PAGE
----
What You Should Know About Lasik Surgery

LASIK surgery is an outpatient surgical procedure to treat nearsightedness, farsightedness, and astigmatism. This is achieved by applying a laser to modify the corneal curvature (the transparent covering of the eye) and improve how the eye focuses light rays on the retina.

The main attraction of LASIK surgery is that it reduces dependence on glasses or contact lenses in patients, achieving that 7 out of 10 people who undergo the intervention achieve 20/20 even with Lasik pricing.

However, the short duration of the surgery, its rapid recovery, and the low percentage of associated complications have been the subject of debate in recent times, mainly due to complaints about the risks associated with this intervention.

One of the first things that we must bear in mind is that Lasik surgery is not a mandatory indication. Still, one more option was added a few years ago for patients with myopia, astigmatism, or hyperopia. These, until before Lasik had two options, or they wore glasses or contact lenses, and with the arrival of Lasik, a third option was added. Emphasizing an option is that someone can have myopia or astigmatism and opt for an eyeglass or contact lens, which may be their best option. If you don’t like any of the above, you can opt for laser surgery.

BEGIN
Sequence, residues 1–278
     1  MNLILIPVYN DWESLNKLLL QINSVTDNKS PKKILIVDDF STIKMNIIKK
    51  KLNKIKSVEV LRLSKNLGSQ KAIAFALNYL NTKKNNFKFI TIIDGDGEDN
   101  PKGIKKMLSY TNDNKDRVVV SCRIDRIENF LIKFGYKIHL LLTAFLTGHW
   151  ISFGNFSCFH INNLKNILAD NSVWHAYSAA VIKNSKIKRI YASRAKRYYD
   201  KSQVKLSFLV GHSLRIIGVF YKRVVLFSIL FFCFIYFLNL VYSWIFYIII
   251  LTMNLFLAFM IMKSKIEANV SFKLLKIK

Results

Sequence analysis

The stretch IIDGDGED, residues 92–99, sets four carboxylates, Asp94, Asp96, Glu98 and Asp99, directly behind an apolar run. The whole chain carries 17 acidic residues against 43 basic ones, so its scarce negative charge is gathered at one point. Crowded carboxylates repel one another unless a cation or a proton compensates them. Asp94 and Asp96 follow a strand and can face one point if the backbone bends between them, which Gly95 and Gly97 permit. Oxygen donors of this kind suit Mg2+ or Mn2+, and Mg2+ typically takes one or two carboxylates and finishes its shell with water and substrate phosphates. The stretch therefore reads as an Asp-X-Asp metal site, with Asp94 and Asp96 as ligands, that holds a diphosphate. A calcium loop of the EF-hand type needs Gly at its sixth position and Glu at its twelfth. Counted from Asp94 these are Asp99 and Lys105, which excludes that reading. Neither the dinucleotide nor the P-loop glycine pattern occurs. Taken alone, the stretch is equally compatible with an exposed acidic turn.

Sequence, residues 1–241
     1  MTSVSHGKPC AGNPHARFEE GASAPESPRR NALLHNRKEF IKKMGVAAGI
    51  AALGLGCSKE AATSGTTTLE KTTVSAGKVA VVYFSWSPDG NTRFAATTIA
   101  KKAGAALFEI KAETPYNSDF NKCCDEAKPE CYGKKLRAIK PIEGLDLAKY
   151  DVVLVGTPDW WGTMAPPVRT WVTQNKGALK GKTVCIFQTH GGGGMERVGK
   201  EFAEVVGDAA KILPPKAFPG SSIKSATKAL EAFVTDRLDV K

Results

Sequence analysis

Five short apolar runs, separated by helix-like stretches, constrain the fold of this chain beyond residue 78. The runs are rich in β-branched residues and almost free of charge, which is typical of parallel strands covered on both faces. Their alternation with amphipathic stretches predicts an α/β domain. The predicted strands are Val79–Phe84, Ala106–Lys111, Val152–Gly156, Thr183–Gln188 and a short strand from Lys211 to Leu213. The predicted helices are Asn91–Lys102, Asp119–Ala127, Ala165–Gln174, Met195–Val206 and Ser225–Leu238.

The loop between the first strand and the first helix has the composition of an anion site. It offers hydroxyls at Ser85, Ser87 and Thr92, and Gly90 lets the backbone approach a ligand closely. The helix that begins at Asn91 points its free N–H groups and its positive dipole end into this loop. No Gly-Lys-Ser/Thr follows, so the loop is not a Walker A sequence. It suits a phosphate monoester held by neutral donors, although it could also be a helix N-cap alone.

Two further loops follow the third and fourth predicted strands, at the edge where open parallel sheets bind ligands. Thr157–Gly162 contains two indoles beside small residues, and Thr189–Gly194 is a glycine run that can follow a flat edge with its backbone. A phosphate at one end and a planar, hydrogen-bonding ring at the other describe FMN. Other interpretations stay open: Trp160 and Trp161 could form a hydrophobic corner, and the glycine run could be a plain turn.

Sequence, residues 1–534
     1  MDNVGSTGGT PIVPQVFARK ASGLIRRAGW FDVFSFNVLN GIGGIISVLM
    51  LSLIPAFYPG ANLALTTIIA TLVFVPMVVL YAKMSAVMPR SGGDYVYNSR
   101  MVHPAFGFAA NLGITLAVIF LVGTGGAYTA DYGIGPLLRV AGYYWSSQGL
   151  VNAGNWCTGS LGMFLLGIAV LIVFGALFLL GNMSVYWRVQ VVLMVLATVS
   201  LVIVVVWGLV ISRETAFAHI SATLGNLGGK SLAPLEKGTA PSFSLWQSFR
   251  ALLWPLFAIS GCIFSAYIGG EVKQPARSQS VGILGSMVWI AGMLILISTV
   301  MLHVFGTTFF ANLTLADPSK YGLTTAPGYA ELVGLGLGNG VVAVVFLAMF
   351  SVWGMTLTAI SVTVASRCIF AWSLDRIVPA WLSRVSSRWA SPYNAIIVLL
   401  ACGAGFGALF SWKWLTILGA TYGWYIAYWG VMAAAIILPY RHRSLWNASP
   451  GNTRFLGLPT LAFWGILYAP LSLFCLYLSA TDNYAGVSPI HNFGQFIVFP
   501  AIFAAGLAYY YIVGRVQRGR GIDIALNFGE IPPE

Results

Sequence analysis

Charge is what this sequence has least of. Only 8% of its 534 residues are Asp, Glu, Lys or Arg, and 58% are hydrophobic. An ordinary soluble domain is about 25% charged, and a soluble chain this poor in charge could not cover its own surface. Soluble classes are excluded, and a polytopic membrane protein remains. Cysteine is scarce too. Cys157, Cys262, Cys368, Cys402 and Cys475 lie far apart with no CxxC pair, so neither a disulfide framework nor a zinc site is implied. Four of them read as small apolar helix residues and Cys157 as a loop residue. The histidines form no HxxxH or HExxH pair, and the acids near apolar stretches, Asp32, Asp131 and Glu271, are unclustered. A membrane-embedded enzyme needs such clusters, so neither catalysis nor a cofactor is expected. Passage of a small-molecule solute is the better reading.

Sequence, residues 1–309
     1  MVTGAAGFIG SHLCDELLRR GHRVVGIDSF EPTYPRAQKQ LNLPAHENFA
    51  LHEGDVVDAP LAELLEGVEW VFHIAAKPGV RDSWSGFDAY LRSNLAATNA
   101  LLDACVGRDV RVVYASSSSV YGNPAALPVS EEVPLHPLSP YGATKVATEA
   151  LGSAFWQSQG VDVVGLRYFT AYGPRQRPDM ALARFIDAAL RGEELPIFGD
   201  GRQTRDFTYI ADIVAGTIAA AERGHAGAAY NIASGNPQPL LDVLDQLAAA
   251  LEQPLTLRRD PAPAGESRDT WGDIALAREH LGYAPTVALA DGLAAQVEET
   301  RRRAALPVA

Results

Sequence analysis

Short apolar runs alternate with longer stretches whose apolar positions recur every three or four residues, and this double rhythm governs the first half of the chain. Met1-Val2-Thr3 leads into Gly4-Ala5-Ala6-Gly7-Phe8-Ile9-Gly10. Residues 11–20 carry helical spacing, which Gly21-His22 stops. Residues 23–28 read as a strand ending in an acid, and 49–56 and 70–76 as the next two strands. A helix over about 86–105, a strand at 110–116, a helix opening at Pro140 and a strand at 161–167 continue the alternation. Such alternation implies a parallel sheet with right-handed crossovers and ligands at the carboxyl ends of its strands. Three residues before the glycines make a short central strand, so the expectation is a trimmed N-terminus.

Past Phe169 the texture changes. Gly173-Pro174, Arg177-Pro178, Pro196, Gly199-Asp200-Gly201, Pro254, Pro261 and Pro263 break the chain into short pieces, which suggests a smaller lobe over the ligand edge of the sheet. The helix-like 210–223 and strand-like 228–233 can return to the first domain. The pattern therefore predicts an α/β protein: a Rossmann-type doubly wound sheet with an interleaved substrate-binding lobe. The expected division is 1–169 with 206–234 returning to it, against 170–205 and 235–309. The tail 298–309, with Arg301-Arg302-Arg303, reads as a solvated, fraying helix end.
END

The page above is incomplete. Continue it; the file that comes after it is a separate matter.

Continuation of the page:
Understood in this way, when the patient expresses his desire to have an operation, the doctor comes here and sees if he meets some minimum requirements. The first requirement is age; you cannot operate on patients under 20 years of age. This is because, up to the age of 20, especially in myopia, the refractive error can continue to progress.

A second requirement is a stability over time. In other words, it must be verified that this patient has not had any changes in his refractive alteration in the last year. This is verified by conducting at least two ophthalmological controls separated by one year before the surgical intervention.

As a third requirement, it is established that the refractive defect of the patient is within what is called a “surgical range.” Myopia, astigmatism, or hyperopia, very low or very high, are not acceptable. A fourth requirement is that the patient does not have an added pathology that contraindicates surgery.

In the initial interview during the first ophthalmological consultation, without requiring significant examinations and only talking with the patient, one can realize whether or not he is a good candidate. If the patient meets all the requirements mentioned above, he is a candidate for examinations, which does not mean that he is already authorized for the operation. During the exams, the cornea is observed and if it meets the requirements to be operated on.

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